Group leader: Begoña Benito Casado - Associate Professor

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Na+ and K+ homeostasis in fungi and plants

“Unravelling the role of the ionic transporters involved in Na+ and K+ homeostasis may be an advance in the understanding of those that possibly are relevant effectors in the response to mineral nutrition deficiency and saline stress in plants and fungi”


Under the general objective of our group aimed at identifying and characterizing the main transporters involved in K+ mineral nutrition and Na+ transport in fungi and plants, two specific objectives have recently been developed:

- Characterization of molecular mechanisms involved in Na+ uptake in plant roots

- Identification of transporters involved in salt tolerance and in mineral K+ nutrition of plants


The progressive salinization of cultivated land affects over 800 million hectares (Rengasamy, 2010, Funct Plant Biol 37) and is one of the major concerns in agriculture. The processes that produce soil salinization may be complex based on climatic, soil, and groundwater conditions (Rengasamy, 2006 J Ex Bot 57) but the effects of salinity in crop plants are the same in all cases: water deficit and salt toxicity. Despite many efforts of research activity trying to characterize the Na+ transport and distribution along the plant, little is known about the molecular mechanisms involved in those processes. Besides, it is well accepted that a high cytoplasmic K+/Na+ ratio is a key determinant of plant salt tolerance meaning that plants with high Na+ accumulation in leaves are more salt sensitive. Until now our group has been interested in clarifying these aspects with two plant models: Arabidopsis and the bryophyte Physcomitrella patens. More recently, we have opened a new line of research considering that in nature plants live in symbiotic associations with multitude of soil microorganisms that can contribute/modify the plant response to different abiotic stresses. The plant-fungi model that we have chosen for this study is the symbiotic association between the endophyte Serendipita indica (formerly Piriformospora indica) and the plants Arabidopsis thaliana and rice.

Phenotypic approach on Arabidopsis to characterize the determinants involved in Na+ tolerance

We studied the natural variability of different accessions of Arabidopsis on Na+ tolerance considering the Na+ toxicity evidenced by “leaf wilting” or “short root length” as quantitative traits. The difference of this approach compared to others performed earlier is that the NaCl concentrations to which the plants were exposed were not too high to avoid superimposed osmotic effects. Our results indicate that Arabidopsis plants growing in NaCl can suffer root or shoot Na+ toxicities and an ionic growth inhibition, not due specifically to Na+ but also induced similarly by K+ (See Fig. 1)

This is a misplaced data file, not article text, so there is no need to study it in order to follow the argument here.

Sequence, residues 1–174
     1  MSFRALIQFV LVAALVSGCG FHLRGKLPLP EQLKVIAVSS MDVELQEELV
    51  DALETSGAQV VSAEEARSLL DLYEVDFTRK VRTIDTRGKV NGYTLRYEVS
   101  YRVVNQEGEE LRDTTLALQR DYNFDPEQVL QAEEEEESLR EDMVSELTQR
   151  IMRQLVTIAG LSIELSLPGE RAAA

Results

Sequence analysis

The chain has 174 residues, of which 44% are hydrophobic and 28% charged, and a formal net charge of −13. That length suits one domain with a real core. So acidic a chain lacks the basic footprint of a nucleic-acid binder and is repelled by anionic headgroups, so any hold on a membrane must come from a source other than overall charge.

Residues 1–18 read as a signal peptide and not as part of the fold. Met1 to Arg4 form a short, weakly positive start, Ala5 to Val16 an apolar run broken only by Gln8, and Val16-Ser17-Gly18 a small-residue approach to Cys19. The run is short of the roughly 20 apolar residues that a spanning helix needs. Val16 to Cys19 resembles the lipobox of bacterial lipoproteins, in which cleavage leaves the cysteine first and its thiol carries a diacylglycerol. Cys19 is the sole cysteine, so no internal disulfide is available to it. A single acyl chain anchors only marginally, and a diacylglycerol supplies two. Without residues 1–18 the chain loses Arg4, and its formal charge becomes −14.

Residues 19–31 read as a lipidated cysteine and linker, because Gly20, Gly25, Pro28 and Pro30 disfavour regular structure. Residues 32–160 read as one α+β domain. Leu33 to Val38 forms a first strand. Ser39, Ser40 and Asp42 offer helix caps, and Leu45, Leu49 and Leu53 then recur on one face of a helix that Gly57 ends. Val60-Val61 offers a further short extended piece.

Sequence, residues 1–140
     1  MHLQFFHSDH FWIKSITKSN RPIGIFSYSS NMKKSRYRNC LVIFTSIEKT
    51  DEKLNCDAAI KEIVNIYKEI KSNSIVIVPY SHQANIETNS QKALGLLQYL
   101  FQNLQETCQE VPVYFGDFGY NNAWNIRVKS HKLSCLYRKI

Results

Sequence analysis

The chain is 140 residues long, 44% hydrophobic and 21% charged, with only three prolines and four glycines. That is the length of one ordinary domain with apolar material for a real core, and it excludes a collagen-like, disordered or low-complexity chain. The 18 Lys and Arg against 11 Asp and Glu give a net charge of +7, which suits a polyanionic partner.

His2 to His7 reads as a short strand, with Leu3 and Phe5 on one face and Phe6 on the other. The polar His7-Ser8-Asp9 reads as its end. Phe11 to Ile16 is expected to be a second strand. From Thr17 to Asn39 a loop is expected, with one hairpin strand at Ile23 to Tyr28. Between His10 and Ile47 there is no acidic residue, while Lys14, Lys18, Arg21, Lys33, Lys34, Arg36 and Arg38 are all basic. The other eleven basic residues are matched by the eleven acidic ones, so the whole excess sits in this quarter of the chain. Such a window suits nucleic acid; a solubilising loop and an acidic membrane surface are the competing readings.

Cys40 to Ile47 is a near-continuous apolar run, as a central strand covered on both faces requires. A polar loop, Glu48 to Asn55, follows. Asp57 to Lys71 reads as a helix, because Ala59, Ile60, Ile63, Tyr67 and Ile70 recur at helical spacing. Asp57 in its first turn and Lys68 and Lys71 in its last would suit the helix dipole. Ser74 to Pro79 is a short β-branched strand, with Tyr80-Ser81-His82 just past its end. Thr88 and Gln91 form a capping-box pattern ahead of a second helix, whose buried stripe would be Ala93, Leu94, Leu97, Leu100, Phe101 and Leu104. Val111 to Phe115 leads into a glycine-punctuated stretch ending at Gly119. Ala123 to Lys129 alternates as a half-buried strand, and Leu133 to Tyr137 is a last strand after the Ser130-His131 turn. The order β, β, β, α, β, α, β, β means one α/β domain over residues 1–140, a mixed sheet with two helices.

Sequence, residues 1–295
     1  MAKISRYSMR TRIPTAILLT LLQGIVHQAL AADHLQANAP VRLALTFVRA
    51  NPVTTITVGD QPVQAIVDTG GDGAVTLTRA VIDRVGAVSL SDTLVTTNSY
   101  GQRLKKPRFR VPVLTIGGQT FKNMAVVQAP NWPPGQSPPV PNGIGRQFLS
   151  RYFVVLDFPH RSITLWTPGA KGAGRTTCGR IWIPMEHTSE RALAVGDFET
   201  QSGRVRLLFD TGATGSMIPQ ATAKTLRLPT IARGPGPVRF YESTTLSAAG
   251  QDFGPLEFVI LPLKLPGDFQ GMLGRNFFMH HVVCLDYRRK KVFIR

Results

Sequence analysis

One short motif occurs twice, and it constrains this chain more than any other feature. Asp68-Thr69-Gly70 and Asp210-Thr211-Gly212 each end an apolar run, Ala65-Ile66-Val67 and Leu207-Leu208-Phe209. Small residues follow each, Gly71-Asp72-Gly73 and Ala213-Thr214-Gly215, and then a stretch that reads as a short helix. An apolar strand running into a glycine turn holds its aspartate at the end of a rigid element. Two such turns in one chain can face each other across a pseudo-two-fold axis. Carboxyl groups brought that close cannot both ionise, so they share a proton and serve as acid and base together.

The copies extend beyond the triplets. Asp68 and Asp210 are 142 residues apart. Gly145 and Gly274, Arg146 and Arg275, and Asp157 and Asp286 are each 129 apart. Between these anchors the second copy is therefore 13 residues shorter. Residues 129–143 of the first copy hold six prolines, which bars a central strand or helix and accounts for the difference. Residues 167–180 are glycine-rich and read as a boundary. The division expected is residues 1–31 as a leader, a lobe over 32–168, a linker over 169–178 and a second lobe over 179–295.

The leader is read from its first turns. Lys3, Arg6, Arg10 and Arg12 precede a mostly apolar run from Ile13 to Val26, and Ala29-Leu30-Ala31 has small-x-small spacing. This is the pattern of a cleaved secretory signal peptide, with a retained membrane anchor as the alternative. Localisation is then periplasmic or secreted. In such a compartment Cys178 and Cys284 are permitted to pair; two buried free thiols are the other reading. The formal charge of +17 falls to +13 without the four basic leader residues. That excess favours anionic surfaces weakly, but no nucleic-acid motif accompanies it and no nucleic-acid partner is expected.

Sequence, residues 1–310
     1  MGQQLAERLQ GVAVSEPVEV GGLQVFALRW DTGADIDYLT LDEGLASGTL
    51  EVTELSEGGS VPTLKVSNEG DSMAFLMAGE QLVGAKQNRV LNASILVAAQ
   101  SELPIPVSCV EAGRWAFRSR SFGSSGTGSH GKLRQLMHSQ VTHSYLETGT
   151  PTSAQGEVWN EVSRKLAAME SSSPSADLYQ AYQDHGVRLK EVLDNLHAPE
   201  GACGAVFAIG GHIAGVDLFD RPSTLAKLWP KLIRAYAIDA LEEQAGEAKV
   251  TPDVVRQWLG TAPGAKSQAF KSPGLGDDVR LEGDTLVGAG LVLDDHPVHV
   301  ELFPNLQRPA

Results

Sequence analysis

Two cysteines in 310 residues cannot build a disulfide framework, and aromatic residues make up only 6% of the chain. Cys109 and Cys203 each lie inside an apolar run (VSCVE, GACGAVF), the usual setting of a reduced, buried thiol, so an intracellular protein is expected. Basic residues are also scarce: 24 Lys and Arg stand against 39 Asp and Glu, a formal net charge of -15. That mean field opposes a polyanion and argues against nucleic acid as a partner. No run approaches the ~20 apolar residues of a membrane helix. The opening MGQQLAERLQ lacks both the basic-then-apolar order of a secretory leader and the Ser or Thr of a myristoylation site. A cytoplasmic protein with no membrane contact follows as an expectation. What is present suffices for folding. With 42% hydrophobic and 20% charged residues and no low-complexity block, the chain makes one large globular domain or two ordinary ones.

Na+ uptake by plant roots and osmotic adjustment in saline conditions

We have studied the Na+ transport that operates in roots of Arabidopsis exposed to saline conditions and that constitutes an important pathway for the accumulation of Na+ in Arabidopsis shoots. This Na+ transport is mediated or controlled by one or more nitrate-dependent transporters. It implies an interesting result since it is shown that the Na+ uptake, considered in many cases as detrimental for plant, is coupled to nitrate uptake, an essential mineral plant nutrient. It suggests that Na+, at least at milimolar concentrations studied (up to 20-60 mM NaCl), has not a toxic but an essential role. Our work also indicates that other anions such as chloride may also function in the Na+ loading into the xylem and thus in its transfer to the shoots.

In order to find out which are the candidates to mediate the Na+ transport in plant roots, we carried out an Illumina RNA-Seq transcriptome profiling to identify those transporters that are differentially expressed in the moderate saline conditions tested, in the presence and absence of nitrate. Among the differentially expressed genes identified in any of the saline conditions, we have selected some gene encoding transporters as candidates to mediate Na+ transport for a further phenotypic analysis of their respective T-DNA mutants (See Fig. 2)



In addition, we also have seen in Arabidopsis that, under high osmolality conditions (400 mOsm), Na+ acts as an osmotic stabilizer in such a way that its uptake prevent plant water loss and shoot wilting. These results encourage us to rethink that Na+ entry by roots, besides being unavoidable, can be beneficial to the plant because it determines osmotic adjustments in plants growing in saline conditions. (See Fig. 3)



Contribution of chloroplast to salt tolerance in plants